On the basis of current data, it seems that CED-4 functions to help activate the caspase CED-3, and CED-9 blocks this activation through physical interaction with CED-4. Endogenous CED-4 is normally localized to the mitochondria by CED-9, unless EGL-1 is expressed [12,13]. If EGL-1 is expressed, the interaction between CED-4 and CED-9 ceases, and CED-4 translocates to the nuclear membrane where it activates CED-3, resulting in programmed cell death. Only one mammalian CED-4 homolog, Apaf-1, has been extensively characterized to date, but it too aids in caspase activation. Like CED-4, Apaf-1 requires dATP for caspase activation, but Apaf-1 requires cytochrome c in addition [14]. Knock-out studies have shown that mice deficient for Apaf-1 have reduced cell death in certain tissues, further supporting a role for Apaf-1 in programmed cell death. Drosophila has recently been shown also to have a CED-4/Apaf-1 homolog, named Dark/HAC-1/Dapaf-1 (reviewed in [15]). The Drosophila homolog is more similar to Apaf-1 than to CED-4: it has the WD repeats found in Apaf-1, which potentially function in binding regulatory proteins such as cytochrome c. Like Apaf-1 and CED-4, loss of function mutations in dark/hac-1/dapaf-1 result in a reduction in developmental programmed cell death. Intriguingly, the transcription of the Drosophila CED-4/Apaf-1 homolog is upregulated in response to both X-ray and ultraviolet irradiation, suggesting that death-inducing stimuli can feed into the cell death pathway at this step [16].

CED-9 and EGL-1 belong to a large family of proteins related to the mammalian anti-apoptotic protein Bcl-2. This family - with at least 19 members, divided into pro- and anti-apoptotic subgroups - has been largely defined by protein-protein interactions among its members (reviewed in [17]). CED-9 has mammalian counterparts in the anti-apoptotic subgroup of Bcl-2 family members, while EGL-1 has mammalian counterparts in the pro-apoptotic subgroup. Besides binding to Apaf-1, just as CED-9 binds and thereby regulates CED-4 activity, mammalian Bcl-2 family members have been proposed to regulate mitochondrial homeostasis and the release of pro-apoptotic factors such as cytochrome c (reviewed in [17]). The rate of mitochondrial release of cytochrome c in mammalian cells undergoing apoptosis was recently measured and found to be rapid [18]. Indeed, most mitochondria released all their cytochrome c within a one minute period in a temperature-independent manner, suggesting that an enzymatic transport mechanism is probably not involved. There is no clear evidence for cytochrome c release during apoptosis in C. elegans or Drosophila, however. Nevertheless, a specific epitope is uncovered on cytochrome c in Drosophila mitochondria during apoptosis and this may be sufficient to help activate Dark/HAC-1/Dapaf-1; and death-inducing stimuli result in an increase in cytochrome c in Drosophila cultured-cell lysates [19,20]. There is no apparent need for cytochrome c release in C. elegans, since CED-4 does not require it to activate CED-3.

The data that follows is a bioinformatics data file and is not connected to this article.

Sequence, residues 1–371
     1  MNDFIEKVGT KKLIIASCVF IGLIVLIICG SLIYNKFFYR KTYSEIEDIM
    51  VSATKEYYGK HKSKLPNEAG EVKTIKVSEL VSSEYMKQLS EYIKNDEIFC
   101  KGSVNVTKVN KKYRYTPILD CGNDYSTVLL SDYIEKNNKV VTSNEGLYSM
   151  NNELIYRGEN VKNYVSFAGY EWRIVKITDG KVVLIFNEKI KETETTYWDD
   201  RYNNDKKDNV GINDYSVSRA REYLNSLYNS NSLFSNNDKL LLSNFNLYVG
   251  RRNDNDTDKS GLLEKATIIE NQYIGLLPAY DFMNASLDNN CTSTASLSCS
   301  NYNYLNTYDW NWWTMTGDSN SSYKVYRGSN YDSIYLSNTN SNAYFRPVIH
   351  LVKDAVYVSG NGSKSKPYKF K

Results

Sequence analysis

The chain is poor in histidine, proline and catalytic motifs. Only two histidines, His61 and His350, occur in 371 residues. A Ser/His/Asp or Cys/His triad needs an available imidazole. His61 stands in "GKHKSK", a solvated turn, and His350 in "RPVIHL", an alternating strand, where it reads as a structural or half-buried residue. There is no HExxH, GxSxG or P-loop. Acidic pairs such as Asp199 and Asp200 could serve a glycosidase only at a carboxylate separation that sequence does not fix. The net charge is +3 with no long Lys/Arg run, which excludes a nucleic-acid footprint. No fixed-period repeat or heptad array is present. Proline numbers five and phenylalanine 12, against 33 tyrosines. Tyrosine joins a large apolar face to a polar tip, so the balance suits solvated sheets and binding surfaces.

Recently, a pro-apoptotic Drosophila Bcl-2 family member was identified with the help of the database of genomic sequence; this gene is most closely related to mammalian Bok and potentially regulates apoptosis in the fly [21,22,23,24]. The Drosophila Bok homolog interacts with several anti-apoptotic, but not with several pro-apoptotic, Bcl-2 family members and, therefore, possibly functions by antagonizing pro-survival proteins. Ectopic expression of Bok protein promotes apoptosis in transgenic flies as well as in cultured cells. While one group reports that the caspase inhibitor p35 can block apoptosis induced by Drosophila Bok [22], another group did not see p35 inhibition [23]. This difference may be due to the slightly different constructs used in the experiments and the different assay systems. A third group shows that peptide caspase inhibitors can block Drosophila Bok-mediated apoptosis in cell culture, lending support to a model in which expression of Bok protein leads to caspase activation [24]. Interestingly, ectopic expression of Drosophila Bok sensitizes the developing eye to cell death induced by ultraviolet irradiation [21]. Genetically, this Drosophila Bcl-2 family member appears to function upstream of, or in parallel to, the Drosophila ced-4/apaf-1 homolog and downstream of, or in parallel to, the Drosophila regulators of apoptosis, reaper, hid, and grim [22]. The core components of the cell death pathway are illustrated in Figure 1.

Regulation of programmed cell death